Elizabeth I was Queen of England from 1558 to 1603, a period subsequently called The Golden Age or the Elizabethan Age. This was a time when England became a major European power in politics, commerce and the arts. It was also a period of great danger at home and abroad, but Elizabeth’s mixture of courage, astuteness and majestic self-displays inspired a powerful loyalty and unity from her subjects.
Elizabeth was the daughter of Henry VIII and his second wife, Anne Boleyn. Henry had Boleyn executed before Elizabeth was three. Elizabeth’s own position was precarious for many years, but she finally came to the throne on 17 November 1558, aged twenty-five. A woman ruler in a patriarchal world, Elizabeth had to create a new model of governing, in which she combined imperious command with an elaborate cult of love: she was the Virgin Queen, married to her kingdom.
To Marry or not to Marry
As soon as she became Queen, Elizabeth was faced with the question of marriage and providing an heir for her dynasty. For decades she would manipulate potential English and foreign suitors, always finally refusing marriage — she probably did not want to share her power, or to complicate politics. She also manipulated her rival (male) advisors.
I am already bound unto an husband, which is the kingdom of England... for every one of you, and as many as are English, are my children and kinsfolks.
The Religious Question
One of Elizabeth’s major problems was religion. The country had moved to Protestantism from Catholicism under Henry VIII, and the Queen was now the Supreme Governor of the Church of England. But many people were still Catholic, and Mary, Queen of Scots, was regarded by the Catholic Church as the rightful Queen of England. The 1560s and 1570s were a time of political intrigue and violence. Finally, Elizabeth reluctantly took the decision to have Mary executed in 1587. She firmly established the Church of England but imposed a compromise between the two faiths, keeping the peace.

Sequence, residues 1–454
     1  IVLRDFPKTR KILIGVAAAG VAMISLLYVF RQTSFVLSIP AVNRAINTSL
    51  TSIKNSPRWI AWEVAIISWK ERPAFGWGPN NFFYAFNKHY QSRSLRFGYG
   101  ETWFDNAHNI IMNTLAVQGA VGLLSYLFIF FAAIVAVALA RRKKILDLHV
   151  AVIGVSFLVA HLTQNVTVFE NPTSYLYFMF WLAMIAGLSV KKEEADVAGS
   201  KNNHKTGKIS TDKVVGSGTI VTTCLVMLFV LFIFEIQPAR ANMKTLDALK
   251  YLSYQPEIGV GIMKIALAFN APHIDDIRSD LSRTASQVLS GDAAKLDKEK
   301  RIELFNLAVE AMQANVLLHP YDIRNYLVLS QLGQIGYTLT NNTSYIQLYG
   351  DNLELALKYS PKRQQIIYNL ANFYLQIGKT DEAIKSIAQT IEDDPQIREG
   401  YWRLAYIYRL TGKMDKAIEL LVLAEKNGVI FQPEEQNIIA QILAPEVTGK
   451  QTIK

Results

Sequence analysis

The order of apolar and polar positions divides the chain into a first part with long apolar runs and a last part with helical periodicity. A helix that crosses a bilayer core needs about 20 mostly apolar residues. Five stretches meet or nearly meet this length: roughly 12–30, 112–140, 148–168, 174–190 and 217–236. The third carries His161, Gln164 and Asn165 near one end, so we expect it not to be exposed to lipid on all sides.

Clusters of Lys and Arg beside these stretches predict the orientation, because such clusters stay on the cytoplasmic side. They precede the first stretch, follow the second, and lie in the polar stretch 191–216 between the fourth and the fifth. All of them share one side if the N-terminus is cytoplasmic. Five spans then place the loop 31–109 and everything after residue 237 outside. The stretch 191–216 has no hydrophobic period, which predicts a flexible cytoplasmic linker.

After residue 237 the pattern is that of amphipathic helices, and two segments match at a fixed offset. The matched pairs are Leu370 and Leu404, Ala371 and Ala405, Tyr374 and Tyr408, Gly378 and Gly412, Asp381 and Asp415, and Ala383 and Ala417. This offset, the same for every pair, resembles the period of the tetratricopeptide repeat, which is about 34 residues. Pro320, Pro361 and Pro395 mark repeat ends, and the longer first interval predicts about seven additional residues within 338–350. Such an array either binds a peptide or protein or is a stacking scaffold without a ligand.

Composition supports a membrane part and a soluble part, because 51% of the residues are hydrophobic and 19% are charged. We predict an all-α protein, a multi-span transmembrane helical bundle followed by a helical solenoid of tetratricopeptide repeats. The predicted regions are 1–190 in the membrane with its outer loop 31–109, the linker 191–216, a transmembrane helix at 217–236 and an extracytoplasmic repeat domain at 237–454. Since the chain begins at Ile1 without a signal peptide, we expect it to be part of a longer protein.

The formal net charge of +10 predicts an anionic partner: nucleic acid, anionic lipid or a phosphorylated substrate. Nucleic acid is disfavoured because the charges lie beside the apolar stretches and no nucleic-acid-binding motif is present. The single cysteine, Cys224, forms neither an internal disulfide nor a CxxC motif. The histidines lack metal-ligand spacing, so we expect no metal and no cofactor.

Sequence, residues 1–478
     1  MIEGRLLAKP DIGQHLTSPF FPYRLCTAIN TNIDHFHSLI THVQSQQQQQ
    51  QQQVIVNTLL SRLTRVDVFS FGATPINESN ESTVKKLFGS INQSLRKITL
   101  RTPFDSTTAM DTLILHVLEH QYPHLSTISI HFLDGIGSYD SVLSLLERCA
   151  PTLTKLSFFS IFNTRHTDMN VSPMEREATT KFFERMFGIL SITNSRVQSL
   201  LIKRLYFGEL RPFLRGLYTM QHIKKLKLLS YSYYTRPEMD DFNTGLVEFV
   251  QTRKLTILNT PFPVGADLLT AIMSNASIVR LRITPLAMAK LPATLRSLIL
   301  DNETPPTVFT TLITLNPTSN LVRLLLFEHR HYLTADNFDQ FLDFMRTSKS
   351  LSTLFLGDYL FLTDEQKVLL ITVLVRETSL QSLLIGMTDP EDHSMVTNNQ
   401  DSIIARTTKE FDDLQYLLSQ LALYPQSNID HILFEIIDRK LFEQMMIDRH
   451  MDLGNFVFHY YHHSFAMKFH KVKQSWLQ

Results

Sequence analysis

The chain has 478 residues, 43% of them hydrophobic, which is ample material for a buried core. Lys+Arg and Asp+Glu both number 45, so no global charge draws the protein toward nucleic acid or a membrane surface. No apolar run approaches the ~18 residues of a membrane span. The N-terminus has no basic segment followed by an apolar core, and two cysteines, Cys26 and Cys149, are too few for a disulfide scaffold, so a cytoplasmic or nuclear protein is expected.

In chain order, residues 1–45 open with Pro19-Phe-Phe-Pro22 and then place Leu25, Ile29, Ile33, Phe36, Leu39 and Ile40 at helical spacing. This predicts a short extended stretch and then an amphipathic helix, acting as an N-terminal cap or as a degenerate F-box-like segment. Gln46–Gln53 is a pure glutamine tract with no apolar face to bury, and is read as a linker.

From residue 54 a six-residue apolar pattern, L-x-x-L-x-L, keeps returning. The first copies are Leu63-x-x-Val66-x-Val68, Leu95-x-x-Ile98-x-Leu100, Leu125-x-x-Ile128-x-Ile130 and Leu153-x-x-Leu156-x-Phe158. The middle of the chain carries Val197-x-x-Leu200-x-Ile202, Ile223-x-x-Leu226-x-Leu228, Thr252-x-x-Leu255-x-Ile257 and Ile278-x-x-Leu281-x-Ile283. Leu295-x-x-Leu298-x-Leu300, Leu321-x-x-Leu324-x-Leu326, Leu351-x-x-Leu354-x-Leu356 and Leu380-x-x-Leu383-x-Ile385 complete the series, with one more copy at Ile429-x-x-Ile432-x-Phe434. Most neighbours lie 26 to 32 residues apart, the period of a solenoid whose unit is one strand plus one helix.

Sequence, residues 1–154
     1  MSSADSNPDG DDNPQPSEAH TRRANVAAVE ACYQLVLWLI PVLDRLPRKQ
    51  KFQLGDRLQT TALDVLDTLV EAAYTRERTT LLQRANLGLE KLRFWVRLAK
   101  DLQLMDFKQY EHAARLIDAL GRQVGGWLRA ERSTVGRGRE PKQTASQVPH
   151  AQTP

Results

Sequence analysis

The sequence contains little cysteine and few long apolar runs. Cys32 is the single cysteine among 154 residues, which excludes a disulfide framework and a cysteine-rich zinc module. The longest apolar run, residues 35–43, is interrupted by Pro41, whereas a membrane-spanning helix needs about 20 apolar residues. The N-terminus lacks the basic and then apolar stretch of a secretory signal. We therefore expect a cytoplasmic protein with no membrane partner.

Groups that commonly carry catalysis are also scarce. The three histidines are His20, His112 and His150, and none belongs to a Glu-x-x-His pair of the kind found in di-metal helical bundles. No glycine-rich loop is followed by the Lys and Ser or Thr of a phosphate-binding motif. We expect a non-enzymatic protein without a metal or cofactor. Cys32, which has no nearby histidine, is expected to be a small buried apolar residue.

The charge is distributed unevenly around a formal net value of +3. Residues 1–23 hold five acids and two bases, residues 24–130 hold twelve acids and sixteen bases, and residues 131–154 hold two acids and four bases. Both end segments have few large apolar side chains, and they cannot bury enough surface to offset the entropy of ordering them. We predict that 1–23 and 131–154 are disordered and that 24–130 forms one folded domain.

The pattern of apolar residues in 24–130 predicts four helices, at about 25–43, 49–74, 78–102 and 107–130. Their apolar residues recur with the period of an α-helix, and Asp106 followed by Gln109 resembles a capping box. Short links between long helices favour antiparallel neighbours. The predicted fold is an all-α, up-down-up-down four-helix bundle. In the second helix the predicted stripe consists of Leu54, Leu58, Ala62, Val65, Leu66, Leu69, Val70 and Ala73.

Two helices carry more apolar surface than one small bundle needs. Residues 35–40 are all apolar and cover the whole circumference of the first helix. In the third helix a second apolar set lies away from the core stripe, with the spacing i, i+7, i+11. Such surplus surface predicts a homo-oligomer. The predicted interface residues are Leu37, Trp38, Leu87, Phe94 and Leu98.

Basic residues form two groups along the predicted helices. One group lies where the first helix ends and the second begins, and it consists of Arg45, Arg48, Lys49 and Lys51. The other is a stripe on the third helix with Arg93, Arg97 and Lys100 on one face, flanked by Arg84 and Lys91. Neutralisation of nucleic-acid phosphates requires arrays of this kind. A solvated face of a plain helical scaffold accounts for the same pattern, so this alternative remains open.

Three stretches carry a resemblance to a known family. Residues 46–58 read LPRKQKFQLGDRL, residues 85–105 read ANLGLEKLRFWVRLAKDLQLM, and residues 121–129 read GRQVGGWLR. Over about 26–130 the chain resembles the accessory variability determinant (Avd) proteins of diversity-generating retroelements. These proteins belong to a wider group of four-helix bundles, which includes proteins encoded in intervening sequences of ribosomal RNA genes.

The struggle between Catholics and Protestants also extended to Europe. Elizabeth tried to remain neutral in the religious struggle between Spain and France. In 1588, Spain attempted a naval invasion of Britain, with the Spanish Armada, but was defeated by the Queen’s ships in one of the most famous naval encounters in history. Before the battle, Elizabeth made the most significant speech of her reign. Addressing her forces, she said: “I know I have the body of a weak and feeble woman, but I have the heart and stomach of a king, and of a king of England too.”
A Glorious Reign
Elizabeth’s reign is one of the most glorious in English history. England emerged as a world power, with voyages of discovery to the Americas and India, which helped prepare the country for colonisation and trade expansion in the future. At home, the arts flourished — Elizabeth was seen attending the first performance of Shakespeare’s A Midsummer Night’s Dream. Through clever public relations, regularly showing herself in majestic outfits in public, Elizabeth wooed her people, earning loyalty and her own unique place in history.